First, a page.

Bill of Rights

Program Information

Program: Questioning the Constitution
Segment Number: 11 (Watch entire program)
Duration: 00:03:02
Year Produced: 2008

The notion of the Bill of Rights is the great protector of the American individual rights is a modern idea, not part of our Constitutional history.

The United States Constitution has been the foundation for the United States government and its citizens for over two hundred years. Many people believe it is the “gold standard” for fledgling democracies all over the world. It calls for the citizens to be active and for government to be accountable to those they govern. Many historians believe the Constitution has made our nation as successful and as powerful as it is; however, many of our citizens have not read or do not understand the Constitution and the foundation of our government. “Questioning the Constitution” looks at the development of the constitution, how it has been interpreted and questions whether the constitution should be reformed. This one-hour documentary was produced by WCVE PBS in partnership with the Center for Politics at the University of Virginia.

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LANE: The notion of the Bill of Rights is the great protector of the American individual rights is a modern idea, not part of our Constitutional history. Just to [give you] this point, because I just love it, in 1798, we passed the Sedition Act. The Sedition Act, which John Adams signed and his biographer Dave [McCullough] called the worst act of his entire presidency, made it a crime to criticize the government and the President. A crime. And they prosecuted people. Where was the court with the First Amendment? They were saying, “Well, we don’t have any roll in that.” To show you how political this was, it was not a crime to criticize the Vice President. And why not? Thomas Jefferson was the Vice President. And they wanted to criticize him like crazy. They couldn’t wait to keep criticizing him. So you could criticize Jefferson and the, you know, and his, uh, Republican Democratic Party but you couldn’t criticize the Federalist Party and it was a crime. So, the Bill of Rights is a latecomer in its enforcement. It’s the 1950s.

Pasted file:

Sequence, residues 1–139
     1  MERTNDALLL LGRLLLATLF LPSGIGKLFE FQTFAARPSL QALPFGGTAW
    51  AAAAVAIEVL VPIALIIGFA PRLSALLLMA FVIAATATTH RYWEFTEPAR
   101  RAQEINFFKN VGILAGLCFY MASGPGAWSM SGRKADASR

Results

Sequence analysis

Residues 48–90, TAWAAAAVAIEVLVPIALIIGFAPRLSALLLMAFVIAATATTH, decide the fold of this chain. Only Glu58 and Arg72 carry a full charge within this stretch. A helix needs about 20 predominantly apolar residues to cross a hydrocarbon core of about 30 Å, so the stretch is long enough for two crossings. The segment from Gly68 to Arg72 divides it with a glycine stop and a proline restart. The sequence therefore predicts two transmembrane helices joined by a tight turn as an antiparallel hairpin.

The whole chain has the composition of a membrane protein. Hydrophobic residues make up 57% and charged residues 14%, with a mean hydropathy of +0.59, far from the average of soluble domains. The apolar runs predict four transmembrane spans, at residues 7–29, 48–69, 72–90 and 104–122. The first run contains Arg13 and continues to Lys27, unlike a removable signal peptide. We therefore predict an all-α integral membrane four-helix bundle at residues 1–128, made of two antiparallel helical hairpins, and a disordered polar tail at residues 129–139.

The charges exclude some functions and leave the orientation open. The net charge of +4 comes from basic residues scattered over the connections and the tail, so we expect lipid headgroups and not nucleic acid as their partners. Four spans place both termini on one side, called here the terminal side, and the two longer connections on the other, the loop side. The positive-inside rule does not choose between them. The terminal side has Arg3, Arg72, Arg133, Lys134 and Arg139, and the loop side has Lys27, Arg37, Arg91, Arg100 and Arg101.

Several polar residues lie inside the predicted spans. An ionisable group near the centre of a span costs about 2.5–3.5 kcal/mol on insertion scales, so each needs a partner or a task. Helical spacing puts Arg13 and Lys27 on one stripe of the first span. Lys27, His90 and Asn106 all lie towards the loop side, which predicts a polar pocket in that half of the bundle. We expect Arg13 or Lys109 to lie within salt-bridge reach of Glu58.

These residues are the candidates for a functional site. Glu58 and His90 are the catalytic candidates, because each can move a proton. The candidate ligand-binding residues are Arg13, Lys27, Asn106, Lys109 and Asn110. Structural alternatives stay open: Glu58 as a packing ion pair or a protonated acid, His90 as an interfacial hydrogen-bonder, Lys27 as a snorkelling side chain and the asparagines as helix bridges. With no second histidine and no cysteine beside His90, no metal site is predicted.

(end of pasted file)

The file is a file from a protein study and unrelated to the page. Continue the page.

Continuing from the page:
STROSSEN: Sometimes, over the course of history of a particular period it’s two steps forward and one step back. Sometimes it’s two steps backwards and one step forward. We are right now in one of the recurring periods when, uh, we are in a national security crisis. When people are understandably concerned about whether the safety of the nation is jeopardized and at every single such period we see government reacting the same way. The executive branch over-reacts, unnecessarily expands its own power, reduces the rights of individuals, including freedom of speech. And then there’s a corrective mechanism that sets in. And by the way, this is not a partisan issue, it’s really an issue among the branches of government. I mean, Franklin Delano Roosevelt was a human rights hero in many respects, and yet he was responsible for the internment of 120,000 Japanese Americans. So I think we have to expect from history that no matter what the President’s values might be in another context, when the security of the nation seems to be in danger, we can expect the executive branch to extend its power to the maximum. And that makes it more important for the checks and balances to come into play. For Congress to exercise a vigorous oversight role. For the courts to vigorously exercise judicial review. For public groups, such as the ACLU and others to act as watchdogs. For the press to act as a watchdog. But if you look at the course of history, you have every basis for optimism that a correction will come into play.